Investing in Care: Exploring An Industrial Strategy for Care Work

May 23, 2024


As the Biden administration’s first term draws to a close, the care agenda remains one gaping piece of unfinished business. The administration’s original Build Back Better proposal included investments to provide universal preschool for three- and four-year-olds, reduce costs and expand access to childcare for younger children, and expand access to home care services for seniors and people with disabilities. All of these were left on the cutting room floor during negotiations over the Inflation Reduction Act (IRA) (White House n.d.).

In the year and a half since the passage of the IRA, much of the conversation about care policy has been around how federal investments in care work can bolster the industrial policies at the center of the IRA, the CHIPS and Science Act, and the Infrastructure Investment and Jobs Act. Care advocates, employers, and policymakers have all pointed out that care is as essential to a functioning and expanding workforce as roads and bridges; both allow workers to participate in the market (Zhavoronkova and Coffey 2023; Poo 2022). In response, the Commerce Department required that companies receiving CHIPS funds have a plan to provide childcare to all their workers (White House 2023). As welcome as this sort of innovation is, it is not a stand-in for the comprehensive investments in the care industries that are still required. 

This brief offers an approach for thinking about care investments the next time there is an opportunity for major care legislation. Building on prior work by Roosevelt authors, this brief argues for an industrial strategy—defined as “any policy that encourages resources to shift from one industry to another”—for the care sector (Estevez 2023; Tucker and Sterling 2021). Moreover, it proposes a progressive approach to industrial care strategy, insisting that the government not only foster the growth of care industries but do so in ways that advance progressive social and economic goals. After digging into why this approach is necessary for our economy, this brief examines the many existing levers available for a consciously structured industrial strategy for care, including some that both federal and state governments experimented with during the COVID-19 pandemic. This brief ends by considering the best form of industrial strategy intervention given the specific challenges of the care industries, as well as what standards and guardrails need to be in place on such policies.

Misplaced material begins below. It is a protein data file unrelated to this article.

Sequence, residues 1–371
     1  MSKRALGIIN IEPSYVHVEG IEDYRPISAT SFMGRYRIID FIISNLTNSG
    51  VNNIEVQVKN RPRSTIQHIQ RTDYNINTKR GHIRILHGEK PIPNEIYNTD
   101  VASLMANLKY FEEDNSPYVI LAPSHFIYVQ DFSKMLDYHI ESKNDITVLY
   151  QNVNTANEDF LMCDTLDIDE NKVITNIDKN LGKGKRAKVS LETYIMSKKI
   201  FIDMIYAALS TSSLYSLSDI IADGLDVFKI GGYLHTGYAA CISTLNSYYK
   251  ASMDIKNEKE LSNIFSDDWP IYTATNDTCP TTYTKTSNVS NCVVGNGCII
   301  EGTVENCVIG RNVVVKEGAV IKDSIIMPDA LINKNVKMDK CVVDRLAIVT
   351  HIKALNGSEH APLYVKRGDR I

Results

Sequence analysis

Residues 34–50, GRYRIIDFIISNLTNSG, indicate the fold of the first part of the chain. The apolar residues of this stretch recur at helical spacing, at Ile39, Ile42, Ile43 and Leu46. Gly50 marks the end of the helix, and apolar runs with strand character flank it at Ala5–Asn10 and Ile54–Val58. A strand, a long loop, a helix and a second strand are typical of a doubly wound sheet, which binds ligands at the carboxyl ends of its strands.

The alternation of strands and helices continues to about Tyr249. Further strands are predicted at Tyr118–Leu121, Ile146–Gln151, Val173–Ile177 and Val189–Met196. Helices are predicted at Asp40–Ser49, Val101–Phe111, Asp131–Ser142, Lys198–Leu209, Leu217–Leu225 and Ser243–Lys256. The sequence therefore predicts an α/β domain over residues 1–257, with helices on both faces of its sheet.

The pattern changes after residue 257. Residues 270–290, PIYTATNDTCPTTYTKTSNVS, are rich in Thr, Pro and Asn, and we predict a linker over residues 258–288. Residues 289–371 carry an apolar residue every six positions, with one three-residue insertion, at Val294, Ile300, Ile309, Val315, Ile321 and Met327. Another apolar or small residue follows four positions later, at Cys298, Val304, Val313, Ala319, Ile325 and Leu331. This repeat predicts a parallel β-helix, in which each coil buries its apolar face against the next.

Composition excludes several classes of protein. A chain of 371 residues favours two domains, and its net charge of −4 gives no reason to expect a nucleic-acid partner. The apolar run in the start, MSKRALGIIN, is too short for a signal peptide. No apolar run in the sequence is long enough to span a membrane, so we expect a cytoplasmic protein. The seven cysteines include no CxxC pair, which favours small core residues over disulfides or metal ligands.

As a society and country, we desperately need care industries, but markets alone are not providing sufficient access to them. An affirmative industrial strategy of care would both strengthen our economy and democracy overall and serve as a vital complement to the other investments.

Care workers—childcare workers, home health aides, and others providing direct care for the most vulnerable in our society—make up roughly 17 percent of the US workforce (Wedenoja 2023). But these 24.1 million paid workers do not include unpaid care workers who have either stepped out of the paid labor force or reduced their paid hours to provide care for free to relatives and friends (Wedenoja 2023). The Boston Consulting Group estimates that the entirety of the US care economy, paid and unpaid, is up to $6 trillion (Kos, DasGupta, et al. 2022).